How to deal with debt after a divorce?

by Kevin Craig
(Dallas, Texas, US)

Divorce comes as a really shattering experience, leaving one in a flux of painful emotions. At times, this emotional roller coaster makes it quite difficult to grapple with the situation. And if you have unwanted debt woes ensuing from the divorce, nothing is worse than that.

You and your spouse are equally responsible for anything that you have signed together, such as joint tax returns, joint credit card debts, joint mortgages or loans etc.

The liability remains quite the same even after you get divorced. Credit companies are not bound by divorce decrees, so they can run after you for jointly incurred debt if your former spouse does not pay. And that way the entire liability falls upon your shoulders even post divorce. This may leave you overburdened with debts and cause you to pay far too much of your income on credit cards, store cards and loans.

Many divorced couples learn this the hard way. Hence, it is always advisable that you keep proper track of the debts that you sign together with your spouse.

How To Deal With Debt Problems Arising Out Of Divorce?

1. Cancel all the joint accounts: As soon as you know that your marriage is going to terminate, you must cancel all your joint credit cards and other accounts immediately to ensure that the credit amount does not increase any further.

2. Apply for a new credit card: Get a new credit card for yourself and begin to build your individual credit.

3. Negotiate to settle the interest rate: If a portion or all of a marital debt repayment falls upon your shoulders, immediately contact the lender to negotiate the repayment at a lower interest rate. But if your credit company will not agree to reduce your interest rate then you can opt for debt settlement to get yourself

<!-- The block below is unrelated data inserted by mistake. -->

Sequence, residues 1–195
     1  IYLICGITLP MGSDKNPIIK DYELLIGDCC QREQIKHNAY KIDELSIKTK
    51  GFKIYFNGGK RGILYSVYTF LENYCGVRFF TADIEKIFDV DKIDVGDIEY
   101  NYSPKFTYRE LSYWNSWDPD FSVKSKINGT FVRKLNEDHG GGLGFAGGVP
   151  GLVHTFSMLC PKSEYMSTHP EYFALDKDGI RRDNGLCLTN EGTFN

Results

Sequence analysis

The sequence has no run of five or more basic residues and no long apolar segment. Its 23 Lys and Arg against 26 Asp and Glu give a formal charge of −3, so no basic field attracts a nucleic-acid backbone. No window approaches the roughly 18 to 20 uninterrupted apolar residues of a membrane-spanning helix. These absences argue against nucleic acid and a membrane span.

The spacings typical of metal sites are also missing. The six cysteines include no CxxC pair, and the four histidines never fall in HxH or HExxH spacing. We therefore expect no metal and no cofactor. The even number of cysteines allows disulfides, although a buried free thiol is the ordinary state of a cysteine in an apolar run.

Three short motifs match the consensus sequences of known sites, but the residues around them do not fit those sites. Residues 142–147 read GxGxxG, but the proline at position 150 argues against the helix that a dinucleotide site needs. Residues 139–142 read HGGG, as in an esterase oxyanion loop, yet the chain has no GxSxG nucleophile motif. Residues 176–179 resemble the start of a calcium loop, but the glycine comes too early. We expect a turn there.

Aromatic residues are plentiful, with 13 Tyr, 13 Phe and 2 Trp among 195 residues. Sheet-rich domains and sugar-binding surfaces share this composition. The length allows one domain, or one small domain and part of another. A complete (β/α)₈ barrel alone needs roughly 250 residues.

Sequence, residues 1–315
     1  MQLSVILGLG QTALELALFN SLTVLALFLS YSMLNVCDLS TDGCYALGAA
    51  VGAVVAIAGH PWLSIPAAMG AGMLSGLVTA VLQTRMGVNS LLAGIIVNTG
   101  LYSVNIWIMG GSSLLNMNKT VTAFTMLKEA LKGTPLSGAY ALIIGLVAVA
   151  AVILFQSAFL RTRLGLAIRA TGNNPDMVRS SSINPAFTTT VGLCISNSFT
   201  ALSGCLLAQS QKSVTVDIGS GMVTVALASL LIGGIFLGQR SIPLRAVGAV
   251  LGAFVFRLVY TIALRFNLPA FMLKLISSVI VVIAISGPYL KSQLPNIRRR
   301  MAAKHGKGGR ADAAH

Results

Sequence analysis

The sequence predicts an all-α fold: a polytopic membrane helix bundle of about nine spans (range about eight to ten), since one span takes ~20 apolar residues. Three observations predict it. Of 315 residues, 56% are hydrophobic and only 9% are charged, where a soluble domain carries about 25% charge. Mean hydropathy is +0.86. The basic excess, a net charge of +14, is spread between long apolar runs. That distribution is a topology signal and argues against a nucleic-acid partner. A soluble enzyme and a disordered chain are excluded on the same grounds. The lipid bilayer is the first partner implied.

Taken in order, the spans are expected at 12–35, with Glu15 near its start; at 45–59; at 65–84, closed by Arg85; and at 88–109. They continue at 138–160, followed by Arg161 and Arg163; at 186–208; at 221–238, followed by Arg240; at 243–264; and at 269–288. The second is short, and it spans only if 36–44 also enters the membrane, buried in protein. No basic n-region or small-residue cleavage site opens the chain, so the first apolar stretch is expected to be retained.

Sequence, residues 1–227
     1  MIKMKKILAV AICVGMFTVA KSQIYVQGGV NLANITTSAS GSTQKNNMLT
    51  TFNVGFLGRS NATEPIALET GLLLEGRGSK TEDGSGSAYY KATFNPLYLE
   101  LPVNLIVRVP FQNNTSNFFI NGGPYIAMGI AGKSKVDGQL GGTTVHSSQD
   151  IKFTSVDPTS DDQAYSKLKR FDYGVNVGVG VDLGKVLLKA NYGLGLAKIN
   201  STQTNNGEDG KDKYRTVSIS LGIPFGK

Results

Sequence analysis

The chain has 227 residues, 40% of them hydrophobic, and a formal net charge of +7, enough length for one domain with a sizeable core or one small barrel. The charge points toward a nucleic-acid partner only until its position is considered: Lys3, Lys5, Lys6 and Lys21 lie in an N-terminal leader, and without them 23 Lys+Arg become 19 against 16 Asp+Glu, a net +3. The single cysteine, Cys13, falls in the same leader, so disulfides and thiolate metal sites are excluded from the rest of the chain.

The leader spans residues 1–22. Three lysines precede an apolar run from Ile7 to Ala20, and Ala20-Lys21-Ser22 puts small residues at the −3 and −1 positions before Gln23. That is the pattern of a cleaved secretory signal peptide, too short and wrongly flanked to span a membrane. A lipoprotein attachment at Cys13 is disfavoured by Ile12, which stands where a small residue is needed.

relief from debt burden by the help of a debt attorney or debt settlement law firm.

4. Borrow money to pay off the debt: Attorneys suggest that if you do hold joint debt you may borrow money, in your own name, to pay it off. This way you would be only responsible for individual debt.

5. Determine who is responsible for paying tax due: If you think that the joint tax returns filed by you and your spouse seems to be erroneous, inform this to your attorney without delay. And ask your attorney to add a clause to the agreement stating that whoever is responsible for the errors should be responsible for paying the tax due and or penalties.

Some Tid-Bits You Must Know

1. If your spouse is unable to pay off a debt assigned to him/her in the divorce agreement, the creditor can legally demand that you pay off the due. To make it worse, even the late payments made by your spouse may show up on your credit report.

2. In most states, any debt that was incurred by your spouse before you married is his/her sole responsibility.

3. According to the Federal Trade Commission, a creditor lawfully cannot close down a joint account because of a change in marital status, but may do so at the request of either of the spouses.

Dealing with divorce is hard, but coping with mounting loans entailed by the divorce is even harder. You can divorce your spouse, but unless you take extra measures to guard yourself, avoiding debt from jointly held cards and accounts gets really difficult.

So, even if you find yourself on the verge of a broken marriage, apply a little logic amidst all the overwhelming feelings. However bad your present might seem to you, a practical financial approach will surely protect your future.

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